(i) The person shall conduct a field survey to locate potential receptors, including water wells and surface waters to at least 500 feet beyond the boundary of the affected property; and conduct a records survey to identify all water wells and surface water bodies within 1/2 mile of the limits of groundwater which contains COCs in excess of the residential assessment level. The person shall also attempt to identify any off-site properties within 1/4 mile of the affected property that have environmental information (e.g., soil boring logs, analytical results from samples of environmental media, etc.) collected for submission to the agency which may be useful in fulfilling the requirements of this section, although collection and submittal of this information by the person is not required.

(j) When determining concentrations of COCs in an environmental medium, the person shall collect and handle samples in accordance with sampling methodologies which will yield representative concentrations of COCs present in the sampled medium.

(k) When determining concentrations of COCs in surface water and sediment, the person shall collect and handle samples in accordance with the requirements in the agency's Surface Water Quality Monitoring Procedures, Volume I, as amended, or shall use an alternative methodology approved by the executive director.

(l) The person shall determine concentrations of COCs within the environmental media at the affected property. The executive director may approve the use of statistical or geostatistical methods to determine representative concentrations of COCs at the affected property or within areas representative of site-specific background conditions as long as the following conditions are satisfied.

  (1) The person shall ensure that all assumptions for the selected statistical or geostatistical method are met or critically examined and explained if the assumptions cannot be met (e.g., random sampling design, normal or log-normal distribution, etc.). Judgmental samples may be used, as long as it can be demonstrated that the resulting estimated representative concentration is not biased low.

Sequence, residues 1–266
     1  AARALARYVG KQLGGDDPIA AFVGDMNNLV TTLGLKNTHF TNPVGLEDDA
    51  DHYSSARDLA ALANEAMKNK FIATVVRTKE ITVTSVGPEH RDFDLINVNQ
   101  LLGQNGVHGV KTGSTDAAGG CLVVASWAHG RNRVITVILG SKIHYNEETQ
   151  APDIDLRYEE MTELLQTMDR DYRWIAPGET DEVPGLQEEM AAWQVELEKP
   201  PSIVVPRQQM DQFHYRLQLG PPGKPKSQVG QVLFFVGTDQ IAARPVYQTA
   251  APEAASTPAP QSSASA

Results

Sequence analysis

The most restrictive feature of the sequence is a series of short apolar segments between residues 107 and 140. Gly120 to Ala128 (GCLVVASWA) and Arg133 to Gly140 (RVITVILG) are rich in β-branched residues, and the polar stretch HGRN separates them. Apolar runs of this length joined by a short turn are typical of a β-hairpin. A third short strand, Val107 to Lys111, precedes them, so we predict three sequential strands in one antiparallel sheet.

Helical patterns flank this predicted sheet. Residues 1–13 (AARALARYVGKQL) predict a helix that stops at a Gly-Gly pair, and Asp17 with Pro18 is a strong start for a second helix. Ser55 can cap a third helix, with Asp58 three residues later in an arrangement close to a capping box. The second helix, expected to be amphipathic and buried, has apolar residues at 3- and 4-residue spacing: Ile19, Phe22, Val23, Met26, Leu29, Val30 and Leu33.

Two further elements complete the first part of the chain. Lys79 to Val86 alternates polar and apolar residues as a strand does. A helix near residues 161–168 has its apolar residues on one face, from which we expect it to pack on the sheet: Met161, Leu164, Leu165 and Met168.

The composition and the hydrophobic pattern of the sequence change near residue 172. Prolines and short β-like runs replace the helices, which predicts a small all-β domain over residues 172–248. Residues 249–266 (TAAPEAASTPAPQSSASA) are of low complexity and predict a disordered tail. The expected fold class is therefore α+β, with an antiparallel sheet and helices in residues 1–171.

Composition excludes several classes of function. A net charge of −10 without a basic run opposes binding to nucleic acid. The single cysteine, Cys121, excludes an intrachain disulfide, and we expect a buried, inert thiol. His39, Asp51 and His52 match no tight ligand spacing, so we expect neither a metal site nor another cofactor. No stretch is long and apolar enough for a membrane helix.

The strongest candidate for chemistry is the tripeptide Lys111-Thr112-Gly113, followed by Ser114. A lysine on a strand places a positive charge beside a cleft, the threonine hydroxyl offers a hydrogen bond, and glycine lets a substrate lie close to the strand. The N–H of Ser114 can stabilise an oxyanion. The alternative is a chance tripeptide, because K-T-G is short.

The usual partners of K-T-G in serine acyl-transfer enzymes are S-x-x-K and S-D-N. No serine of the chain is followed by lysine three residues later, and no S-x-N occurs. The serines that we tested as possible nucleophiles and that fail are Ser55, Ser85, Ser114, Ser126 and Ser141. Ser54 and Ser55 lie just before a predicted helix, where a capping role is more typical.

(2) An appropriate number of samples for the statistical method shall be used. If site-specific background is determined using the upper confidence limit or similar statistical method, then a minimum of eight samples shall be used. If the person uses an arithmetic average to determine the background concentration, then a minimum of five samples shall be used.

  (3) The soil exposure area for existing residential yards or platted residential properties shall not exceed 1/8th acre or the size of the front or back yard of the affected residential lot, unless it is demonstrated that a larger area, not to exceed 1/2 acre, is appropriate based upon the activity patterns of residents at a specific affected property. For other properties classified as residential (e.g., parks, hospitals), the executive director may approve a larger exposure area if justified based on site-specific conditions. If an area larger than 1/8th acre or the size of the front or back yard of the existing affected residential lot is approved by the executive director, then the person shall comply with the applicable institutional control in requirements §350.111(b), (b)(8) or (10) of this title (relating to Use of Institutional Controls). If COCs are relatively homogeneous over an area larger than the residential default size, the executive director may allow concentrations to be averaged over this larger area, in which case the institutional control would not be required.

  (4) The soil exposure area for commercial/industrial properties shall not exceed 1/2 acre, unless it is demonstrated that a larger area is appropriate based upon documented activity patterns for commercial/industrial workers at an active commercial/industrial facility (the assumed exposure area should represent the smallest area over which an individual can be expected to move randomly). In approving an exposure area for an active commercial/industrial facility, the executive director may consider any appropriate site-specific information which documents typical worker activity patterns. If an area larger than 1/2 acre is approved by the executive director, then the person shall comply with the institutional control requirements in §350.111(b), (b)(9) or (11) of this title (relating to Use of Institutional Controls), as applicable. If COCs are relatively homogeneous over an area larger than 1/2 acre, the executive director may allow concentrations to be averaged over this larger area, in which case the institutional control provision would not be required.

  (5) The executive director may require a separate assessment of smaller but notable areas of soil contamination (i.e., "hot spots") at sites where site-specific features are present such that there is likely to be preferential exposure to this smaller area (e.g., worker exposures around the physical infrastructure of a work space, soils within a child's play area). The presence of hot spots with respect to ecological risk shall be determined on a site-specific basis.